Two Youth Champions Work Toward Reproductive Choice for All
Twenty-year-old Sharon Ayebale, a youth champion and community health worker, is using her experience as a teenage mom to educate and promote awareness among fellow youth in Kyenjojo district, western Uganda. Sharon got pregnant at the age of 14, which forced her to drop out of school.
“I never knew how to use contraceptives,” said Sharon. “I thought that family planning was only meant for married couples. I also feared that I would not give birth (later on) if I used family planning at that age.”
According to Sharon, she would not have gotten pregnant had she had access to comprehensive and accurate information about pregnancy prevention. Sharon’s decision not to use family planning was driven by different myths and misconceptions about how contraception would impact her body and the belief that she could not get pregnant at 14. Sharon’s childhood dream was to become a doctor, but she dropped out of school when she became pregnant. This frustrated her, and she never wished the same to happen to other girls in her village.
A youth district coordinator working with the USAID/Uganda Family Planning Activity (FPA) reached Sharon. Recognizing her immense potential, the coordinator asked Sharon to become a youth champion and work with young people. FPA trained Sharon and other youth champions on family planning, including guidance on managing side effects and dispelling prevalent misconceptions about contraception among their peers. With this training, the youth champions advocated for young people’s access to contraception and reproductive health care.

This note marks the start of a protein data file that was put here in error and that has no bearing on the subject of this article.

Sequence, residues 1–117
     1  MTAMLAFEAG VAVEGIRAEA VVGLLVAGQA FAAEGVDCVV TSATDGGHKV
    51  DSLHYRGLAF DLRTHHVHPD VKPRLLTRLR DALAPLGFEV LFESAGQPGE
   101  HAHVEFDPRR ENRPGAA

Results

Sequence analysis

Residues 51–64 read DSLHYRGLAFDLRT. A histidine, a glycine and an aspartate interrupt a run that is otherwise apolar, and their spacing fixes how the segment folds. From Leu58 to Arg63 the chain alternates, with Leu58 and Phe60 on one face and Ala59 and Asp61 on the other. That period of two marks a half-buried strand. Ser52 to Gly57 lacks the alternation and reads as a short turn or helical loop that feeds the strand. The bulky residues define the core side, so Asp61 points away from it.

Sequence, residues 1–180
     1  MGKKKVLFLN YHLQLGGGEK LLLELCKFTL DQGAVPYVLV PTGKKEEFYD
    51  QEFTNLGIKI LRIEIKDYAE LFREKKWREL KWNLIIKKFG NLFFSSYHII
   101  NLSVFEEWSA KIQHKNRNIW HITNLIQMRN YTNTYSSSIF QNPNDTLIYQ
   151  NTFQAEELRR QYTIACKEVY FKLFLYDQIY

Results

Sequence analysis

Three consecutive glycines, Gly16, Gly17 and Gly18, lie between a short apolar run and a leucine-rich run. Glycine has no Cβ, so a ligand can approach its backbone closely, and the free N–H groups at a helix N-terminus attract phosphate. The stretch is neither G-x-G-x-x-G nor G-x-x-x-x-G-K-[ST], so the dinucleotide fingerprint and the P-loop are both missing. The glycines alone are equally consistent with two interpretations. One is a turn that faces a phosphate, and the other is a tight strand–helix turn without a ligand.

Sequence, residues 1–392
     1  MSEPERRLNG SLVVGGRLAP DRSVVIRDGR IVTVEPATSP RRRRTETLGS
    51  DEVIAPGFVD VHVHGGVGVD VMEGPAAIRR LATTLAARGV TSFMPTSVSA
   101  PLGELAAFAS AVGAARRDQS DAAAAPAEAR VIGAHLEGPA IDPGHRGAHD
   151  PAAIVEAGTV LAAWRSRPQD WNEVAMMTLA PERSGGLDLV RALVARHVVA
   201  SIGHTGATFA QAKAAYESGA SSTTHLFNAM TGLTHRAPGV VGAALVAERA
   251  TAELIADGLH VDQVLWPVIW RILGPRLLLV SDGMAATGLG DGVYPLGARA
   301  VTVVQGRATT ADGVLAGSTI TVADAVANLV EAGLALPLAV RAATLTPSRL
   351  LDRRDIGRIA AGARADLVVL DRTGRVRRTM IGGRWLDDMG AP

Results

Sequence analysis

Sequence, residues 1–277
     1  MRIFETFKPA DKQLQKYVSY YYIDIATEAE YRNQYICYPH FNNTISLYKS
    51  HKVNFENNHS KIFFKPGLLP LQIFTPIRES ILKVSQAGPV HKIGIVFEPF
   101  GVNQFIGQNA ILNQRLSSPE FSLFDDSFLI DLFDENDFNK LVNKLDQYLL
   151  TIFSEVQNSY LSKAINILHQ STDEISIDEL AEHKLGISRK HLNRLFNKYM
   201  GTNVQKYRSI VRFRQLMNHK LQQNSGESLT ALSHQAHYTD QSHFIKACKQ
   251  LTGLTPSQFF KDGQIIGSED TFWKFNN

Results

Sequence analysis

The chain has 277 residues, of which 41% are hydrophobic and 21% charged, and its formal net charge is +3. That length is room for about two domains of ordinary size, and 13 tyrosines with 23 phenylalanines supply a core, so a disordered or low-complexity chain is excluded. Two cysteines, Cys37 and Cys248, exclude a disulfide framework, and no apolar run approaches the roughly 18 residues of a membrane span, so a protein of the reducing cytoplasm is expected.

“I learnt about various family planning methods, side effects, and how to manage them as well as HIV prevention measures,” says Sharon. To date, Sharon has reached more than 700 young people ages 15 to 24 in her community. She equips them with comprehensive information on pregnancy prevention and refers them to health facilities for more specialized reproductive health services. Recognizing that young people may feel shy about approaching health workers, she administers methods like Sayana Press and provides condoms and pills to them at Kyenjojo General Hospital.
Sharon takes advantage of any youth gatherings such as football matches to discuss sexual and reproductive health, drawing from her own experiences, and working to change negative attitudes. In addition, she often goes door to door in her community to reach her peers.
I tell them [youth] my story as a teenage mother and encourage them to use family planning to avoid experiencing the same… They understand me and believe me.Sharon Ayebale, youth champion with the Uganda FPA program
Sharon and her daughter. Photo: Lovington Kambugu
Sharon herself is a satisfied user of Depo-Provera, a short-term injectable family planning method, and with this method in place, concerns about unplanned pregnancy no longer trouble her.
Presently, she has enrolled in a local institute to pursue a certificate in social work and social administration, while simultaneously delving into poultry farming to secure a steady income. Through her poultry venture, she generates funds to provide for her child’s needs and fulfill her day-to-day expenses. Her ambitions include enlarging her poultry enterprise, reflecting her determination and aspiration to grow.